Yardley said participants were initially concerned that the remote environment would sap the exercise of its hands-on value. But the takeaway instead, he said, was that “you could actually do an incident response and make this work.”
“The tools were successful in that way,” said Yardley, a veteran of multiple Plum Island drills. “They automated many of the things that would take a person a lot longer to do in person.”
“Was it ideal? No,” he continued. “But technology could serve to aide in this way. I think it was eye-opening for many of the participants.”
Weiss and Yardley said the exercise participants were able to use the DARPA tools to help stabilize the grid on Plum Island, and eventually restore power.
Spotting the lie
The RADICS program funds technology including data-ingesting software that sorts normal from suspicious activity on a power network, and a system for conducting emergency communications between a substation and a control center.
Particularly handy during the latest Plum Island exercise was a dashboard that allowed users to accurately monitor network activity “even if your own systems are lying to you,” as Weiss put it. That means if a control panel is telling a utility operator that a substation is running normally, when it really isn’t, the dashboard would have been able to spot the lie.
The2015 attack on Ukrainian power companies remains a stark example of what might go wrong when detection fails. No cyberattack anywhere near that magnitude has happened on U.S. electric infrastructure, but utility operators still prepare to defend against such threats.
“Two things a cyberattack can do to the grid are make it not tell you the truth, or make it not work how you expect it to work,” Weiss said. “So in general, the whole scenario is about finding what parts of the grid are doing that to you.”
With the Plum Island project coming to a close, DARPA has handed off the software tools to the Department of Energy, which works closely with utilities, to introduce more of that technology out into the field, Weiss said. Some of that is already happening. New Jersey-based company Perspecta Labs, for example, is looking to market its malware-hunting system to utilities.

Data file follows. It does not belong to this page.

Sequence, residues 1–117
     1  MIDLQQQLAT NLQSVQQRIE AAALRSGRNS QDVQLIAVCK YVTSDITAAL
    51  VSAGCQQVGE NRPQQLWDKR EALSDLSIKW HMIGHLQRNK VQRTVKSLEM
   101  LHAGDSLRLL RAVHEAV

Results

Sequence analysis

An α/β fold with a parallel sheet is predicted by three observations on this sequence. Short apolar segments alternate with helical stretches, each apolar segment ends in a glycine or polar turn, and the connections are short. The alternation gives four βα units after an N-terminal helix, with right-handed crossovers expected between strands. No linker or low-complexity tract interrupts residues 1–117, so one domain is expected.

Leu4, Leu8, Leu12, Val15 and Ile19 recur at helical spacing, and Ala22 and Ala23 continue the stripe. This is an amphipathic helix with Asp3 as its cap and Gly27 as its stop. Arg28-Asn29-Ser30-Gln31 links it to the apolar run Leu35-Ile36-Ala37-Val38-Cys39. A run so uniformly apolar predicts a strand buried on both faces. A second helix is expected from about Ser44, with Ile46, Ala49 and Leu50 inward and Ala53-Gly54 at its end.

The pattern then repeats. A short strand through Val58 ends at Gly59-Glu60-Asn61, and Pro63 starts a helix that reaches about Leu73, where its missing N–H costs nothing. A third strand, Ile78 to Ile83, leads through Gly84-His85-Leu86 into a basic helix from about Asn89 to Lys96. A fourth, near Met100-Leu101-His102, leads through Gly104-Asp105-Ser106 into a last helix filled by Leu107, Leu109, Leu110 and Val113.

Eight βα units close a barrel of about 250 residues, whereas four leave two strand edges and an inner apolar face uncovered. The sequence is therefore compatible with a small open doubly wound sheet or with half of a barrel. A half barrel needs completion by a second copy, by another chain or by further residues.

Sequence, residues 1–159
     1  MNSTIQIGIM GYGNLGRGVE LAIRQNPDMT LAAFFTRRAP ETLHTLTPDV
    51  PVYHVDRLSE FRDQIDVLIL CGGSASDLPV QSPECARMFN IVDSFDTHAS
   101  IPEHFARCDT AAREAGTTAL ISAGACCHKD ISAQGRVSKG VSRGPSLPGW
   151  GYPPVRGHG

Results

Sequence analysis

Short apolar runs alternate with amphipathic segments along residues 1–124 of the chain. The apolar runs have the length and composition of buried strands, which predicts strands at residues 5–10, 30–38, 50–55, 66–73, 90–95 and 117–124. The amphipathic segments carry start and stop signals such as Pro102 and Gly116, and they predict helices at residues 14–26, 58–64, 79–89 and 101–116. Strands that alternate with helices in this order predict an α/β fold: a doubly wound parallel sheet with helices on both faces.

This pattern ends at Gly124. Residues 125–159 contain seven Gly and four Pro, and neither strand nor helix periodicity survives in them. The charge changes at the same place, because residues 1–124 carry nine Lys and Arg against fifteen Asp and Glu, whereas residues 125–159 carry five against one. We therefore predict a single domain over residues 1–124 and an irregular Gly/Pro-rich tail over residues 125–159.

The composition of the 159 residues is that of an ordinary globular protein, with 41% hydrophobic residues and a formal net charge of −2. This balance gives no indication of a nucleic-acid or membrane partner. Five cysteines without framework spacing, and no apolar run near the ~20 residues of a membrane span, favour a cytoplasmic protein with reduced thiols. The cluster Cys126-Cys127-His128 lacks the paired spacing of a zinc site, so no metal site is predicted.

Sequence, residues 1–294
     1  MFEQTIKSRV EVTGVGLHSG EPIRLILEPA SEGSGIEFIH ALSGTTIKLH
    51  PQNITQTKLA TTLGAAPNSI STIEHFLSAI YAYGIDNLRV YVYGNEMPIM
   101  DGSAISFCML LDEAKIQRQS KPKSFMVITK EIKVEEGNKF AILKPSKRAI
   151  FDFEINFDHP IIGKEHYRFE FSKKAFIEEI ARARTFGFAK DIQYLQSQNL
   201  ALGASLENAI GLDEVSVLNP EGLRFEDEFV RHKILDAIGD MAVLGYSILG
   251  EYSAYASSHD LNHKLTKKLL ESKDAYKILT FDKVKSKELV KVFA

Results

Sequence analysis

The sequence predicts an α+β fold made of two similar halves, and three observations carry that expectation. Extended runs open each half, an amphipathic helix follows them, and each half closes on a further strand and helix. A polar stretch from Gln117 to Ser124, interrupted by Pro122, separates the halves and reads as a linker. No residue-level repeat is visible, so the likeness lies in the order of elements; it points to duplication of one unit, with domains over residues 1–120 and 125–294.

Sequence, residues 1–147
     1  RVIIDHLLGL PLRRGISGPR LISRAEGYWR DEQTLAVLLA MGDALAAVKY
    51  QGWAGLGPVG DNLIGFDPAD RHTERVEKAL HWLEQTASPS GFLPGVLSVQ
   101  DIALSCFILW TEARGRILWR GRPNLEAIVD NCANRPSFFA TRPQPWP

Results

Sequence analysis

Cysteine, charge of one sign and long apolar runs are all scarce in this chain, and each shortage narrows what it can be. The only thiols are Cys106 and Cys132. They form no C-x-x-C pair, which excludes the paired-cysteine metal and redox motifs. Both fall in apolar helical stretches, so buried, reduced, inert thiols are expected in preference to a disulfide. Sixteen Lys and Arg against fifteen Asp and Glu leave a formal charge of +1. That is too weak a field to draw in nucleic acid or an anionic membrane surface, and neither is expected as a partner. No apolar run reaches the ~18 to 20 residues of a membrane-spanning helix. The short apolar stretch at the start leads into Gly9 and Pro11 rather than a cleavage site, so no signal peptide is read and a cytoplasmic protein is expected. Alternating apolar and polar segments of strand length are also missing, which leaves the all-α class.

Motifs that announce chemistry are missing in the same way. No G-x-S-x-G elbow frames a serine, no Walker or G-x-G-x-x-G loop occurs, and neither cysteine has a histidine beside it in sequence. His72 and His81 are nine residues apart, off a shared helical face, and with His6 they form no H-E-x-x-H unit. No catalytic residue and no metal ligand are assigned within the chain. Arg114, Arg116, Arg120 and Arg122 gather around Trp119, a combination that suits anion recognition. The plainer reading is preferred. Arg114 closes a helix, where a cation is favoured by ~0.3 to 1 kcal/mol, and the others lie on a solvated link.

Valuable data in the vault
Six weeks after the Plum Island experiment in October, the U.S. government held another elaborate cybersecurity drill for the power sector.
The “tabletop exercise” hosted by the Department of Energy on Dec. 9 included executives from some of the biggest power companies in the U.S. Officials from multiple national security agencies were also on hand, according to exercise planners.
Like Plum Island, the exercise envisioned aggressive cyberattacks on the electric sector by a foreign adversary. Participants had to talk through how they would respond to the incident, trade intelligence and revert to backup power solutions. It’s part of a long-running DOE exercise series known as Liberty Eclipse, which has historically included the Plum Island program.
“Shaping these conversations under blue-sky conditions can help mitigate redundancy, bureaucracy, and frustration down the road,” said Brian Harrell, a former senior Department of Homeland Security official who is now chief security officer at renewable power company Avangrid, and who participated in the Liberty Eclipse tabletop exercise.
The Department of Energy did not respond to interview requests for this article, though the department said in a statement that the goal of Liberty Eclipse was “to validate tools that enhance information sharing capabilities and identify threats to the energy sector.”
Grid-focused cybersecurity officials in the government will be studying lessons learned from both sets of exercises for some time. It’s an example of the institutional knowledge on the resiliency of the grid that the Biden administration will inherit, and need to use, as foreign adversaries continue to probe such infrastructure.
For his part, Yardley is now preparing to send several hard drives of exercise data to U.S. government officials, including network traffic from the simulated attacks. He said he hopes the government will eventually make the data public so that researchers and the broader power industry can study it.
That kind of data is valuable, Yardley said, because “obviously, you can’t go download off the internet data of a utility being attacked by what looks like a nation-state.”